Pond Skaters

Water striders using water surface tension when mating by Markus Gayda http://en.wikipedia.org/wiki/File:Wasserl%C3%A4ufer_bei_der_Paarung_crop.jpg. GNU Free Documentation License 23/03/10
Water striders using water surface tension when mating. Photo by Markus Gayda

The family Gerridae contains insects commonly known as water striders, water bugs, magic bugs, pond skaters, skaters, skimmers, water scooters, water skaters, water skeeters, water skimmers, water skippers or Jesus bugs. There are around 500 known species, commonly placed in around 60 genera.

Water striders can vary in length from 1.6 mm (tiny species from the genus Rheumatobates) to 36 mm. Similarly, their body shape ranges from slender and elongate to almost completely round. One common feature is their elongated legs (only the first pair is short and stubby) which the animals use for moving over the water surface. The body and legs are covered with tiny hairs. The head is usually elongated in front of the eyes to form a rostrum. Similar to other bug groups (such as Pyrrhocoridae), the development of wings can vary significantly within the same population. The population consists mostly of specimens with undeveloped or poorly developed wings. However, a small number of individuals have fully developed wings which they use for colonizing new habitats and forming new populations.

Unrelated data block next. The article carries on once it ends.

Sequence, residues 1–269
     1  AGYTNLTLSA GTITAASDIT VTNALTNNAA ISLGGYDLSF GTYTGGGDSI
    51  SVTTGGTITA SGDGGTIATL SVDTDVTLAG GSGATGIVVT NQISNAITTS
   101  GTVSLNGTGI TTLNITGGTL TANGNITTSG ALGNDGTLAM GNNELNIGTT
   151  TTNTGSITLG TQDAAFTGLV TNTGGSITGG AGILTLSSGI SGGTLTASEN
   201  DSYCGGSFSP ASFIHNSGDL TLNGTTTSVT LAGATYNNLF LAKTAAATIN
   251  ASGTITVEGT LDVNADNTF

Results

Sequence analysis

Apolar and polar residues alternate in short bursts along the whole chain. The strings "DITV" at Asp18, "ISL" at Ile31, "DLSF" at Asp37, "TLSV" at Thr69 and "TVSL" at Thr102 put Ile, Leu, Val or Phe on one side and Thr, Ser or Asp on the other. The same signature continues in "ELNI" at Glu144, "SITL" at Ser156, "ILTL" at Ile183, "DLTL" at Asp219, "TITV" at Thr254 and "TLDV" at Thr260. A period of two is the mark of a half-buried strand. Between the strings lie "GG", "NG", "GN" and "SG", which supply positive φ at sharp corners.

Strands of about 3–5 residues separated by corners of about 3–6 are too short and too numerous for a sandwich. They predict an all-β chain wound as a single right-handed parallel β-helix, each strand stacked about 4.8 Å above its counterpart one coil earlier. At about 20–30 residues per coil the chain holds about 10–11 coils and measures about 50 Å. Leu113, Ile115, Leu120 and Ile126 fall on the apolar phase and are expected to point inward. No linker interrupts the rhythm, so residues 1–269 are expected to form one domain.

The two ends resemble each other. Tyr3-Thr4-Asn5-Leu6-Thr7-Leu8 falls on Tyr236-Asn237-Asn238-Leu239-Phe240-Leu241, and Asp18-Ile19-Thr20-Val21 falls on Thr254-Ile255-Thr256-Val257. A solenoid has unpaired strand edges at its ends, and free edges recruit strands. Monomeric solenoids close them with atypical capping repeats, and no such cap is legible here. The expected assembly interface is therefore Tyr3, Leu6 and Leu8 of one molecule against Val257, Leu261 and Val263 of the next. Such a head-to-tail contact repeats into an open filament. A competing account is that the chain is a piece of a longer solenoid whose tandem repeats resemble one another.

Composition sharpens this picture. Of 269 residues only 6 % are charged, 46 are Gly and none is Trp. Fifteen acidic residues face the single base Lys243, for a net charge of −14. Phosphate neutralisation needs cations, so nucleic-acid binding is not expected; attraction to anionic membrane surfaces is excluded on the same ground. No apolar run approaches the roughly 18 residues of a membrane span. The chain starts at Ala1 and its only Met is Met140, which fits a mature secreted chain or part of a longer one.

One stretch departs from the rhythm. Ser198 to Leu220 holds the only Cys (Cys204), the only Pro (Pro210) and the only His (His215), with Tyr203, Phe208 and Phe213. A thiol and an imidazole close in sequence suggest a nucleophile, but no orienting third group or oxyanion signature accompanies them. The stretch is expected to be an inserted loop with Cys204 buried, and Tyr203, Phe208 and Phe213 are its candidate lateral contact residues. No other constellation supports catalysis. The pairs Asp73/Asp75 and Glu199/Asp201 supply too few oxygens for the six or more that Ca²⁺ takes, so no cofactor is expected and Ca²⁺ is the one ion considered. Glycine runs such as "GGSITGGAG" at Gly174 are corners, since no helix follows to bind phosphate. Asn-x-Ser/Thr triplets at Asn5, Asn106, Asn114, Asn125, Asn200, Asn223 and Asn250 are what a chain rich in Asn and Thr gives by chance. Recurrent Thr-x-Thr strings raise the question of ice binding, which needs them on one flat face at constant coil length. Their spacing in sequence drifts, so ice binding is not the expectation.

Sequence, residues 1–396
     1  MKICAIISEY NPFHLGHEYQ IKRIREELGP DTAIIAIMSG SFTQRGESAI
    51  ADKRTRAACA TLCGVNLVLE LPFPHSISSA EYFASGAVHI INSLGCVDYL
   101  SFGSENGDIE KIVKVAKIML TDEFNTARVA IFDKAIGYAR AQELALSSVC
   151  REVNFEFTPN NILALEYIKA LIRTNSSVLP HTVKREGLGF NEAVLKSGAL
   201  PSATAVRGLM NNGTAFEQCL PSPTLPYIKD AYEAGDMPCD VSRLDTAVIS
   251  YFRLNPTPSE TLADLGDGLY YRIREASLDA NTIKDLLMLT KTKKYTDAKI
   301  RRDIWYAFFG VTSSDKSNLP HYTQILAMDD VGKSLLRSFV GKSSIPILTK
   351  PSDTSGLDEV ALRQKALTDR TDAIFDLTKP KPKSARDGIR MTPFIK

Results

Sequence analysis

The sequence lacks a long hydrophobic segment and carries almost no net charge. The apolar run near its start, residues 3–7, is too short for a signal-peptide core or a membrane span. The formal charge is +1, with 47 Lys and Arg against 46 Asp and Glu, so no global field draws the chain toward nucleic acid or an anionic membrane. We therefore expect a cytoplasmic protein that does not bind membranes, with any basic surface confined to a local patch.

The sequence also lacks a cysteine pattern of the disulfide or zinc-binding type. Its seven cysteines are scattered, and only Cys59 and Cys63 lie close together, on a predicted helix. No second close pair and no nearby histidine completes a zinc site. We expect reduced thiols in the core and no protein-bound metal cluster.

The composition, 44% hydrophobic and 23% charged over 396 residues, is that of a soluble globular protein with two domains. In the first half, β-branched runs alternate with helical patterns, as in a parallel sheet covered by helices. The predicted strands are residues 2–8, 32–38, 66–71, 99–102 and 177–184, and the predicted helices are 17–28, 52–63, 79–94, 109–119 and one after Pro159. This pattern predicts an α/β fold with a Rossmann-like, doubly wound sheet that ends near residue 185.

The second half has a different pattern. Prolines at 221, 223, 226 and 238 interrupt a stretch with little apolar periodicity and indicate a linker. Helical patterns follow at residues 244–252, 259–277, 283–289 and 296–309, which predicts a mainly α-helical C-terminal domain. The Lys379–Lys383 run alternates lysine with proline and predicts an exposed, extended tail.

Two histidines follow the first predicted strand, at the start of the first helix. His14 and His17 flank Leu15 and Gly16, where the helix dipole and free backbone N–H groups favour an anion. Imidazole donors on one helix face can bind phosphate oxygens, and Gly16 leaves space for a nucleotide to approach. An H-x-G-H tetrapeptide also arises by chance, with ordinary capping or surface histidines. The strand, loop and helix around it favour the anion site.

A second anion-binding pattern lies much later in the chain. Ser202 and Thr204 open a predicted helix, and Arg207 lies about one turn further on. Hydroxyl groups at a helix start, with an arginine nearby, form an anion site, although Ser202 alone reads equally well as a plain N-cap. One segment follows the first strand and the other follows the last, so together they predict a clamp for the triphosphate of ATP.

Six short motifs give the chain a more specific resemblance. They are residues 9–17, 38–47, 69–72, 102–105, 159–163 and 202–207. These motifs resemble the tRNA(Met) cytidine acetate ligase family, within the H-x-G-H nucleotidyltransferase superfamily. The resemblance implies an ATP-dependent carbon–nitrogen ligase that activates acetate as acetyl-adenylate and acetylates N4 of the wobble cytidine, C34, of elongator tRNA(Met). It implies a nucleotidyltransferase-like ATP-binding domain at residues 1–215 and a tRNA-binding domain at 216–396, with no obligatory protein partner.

Ecology

These are predatory insects which rely on surface tension to walk on top of water. They live on the surface of ponds, slow streams, marshes, and other quiet waters. There they hunt for insects and other small invertebrates on top of or directly below surface using their strong forelegs which end with claws. They can move very quickly, up to 1.5 m/s. They paddle forward with the middle pair of their legs, using fore- and hind legs as a rudder.

Five species of Halobates sea skaters are the only insects that have successfully colonized open ocean habitats.

Nature of the hydrophobic legs

Water striders can stand effortlessly on water due to their non-wetting legs.

Writing in Nature, biophysicists Xuefeng Cao and Lei Jiang demonstrated that the water resistance of the legs is due to the "special hierarchical structure of the legs, which are covered by large numbers of oriented tiny hairs (microsetae) with fine nanogrooves". They go on to demonstrate that the water resistance is due more to this physical structure than the chemical properties of the wax coating of the legs.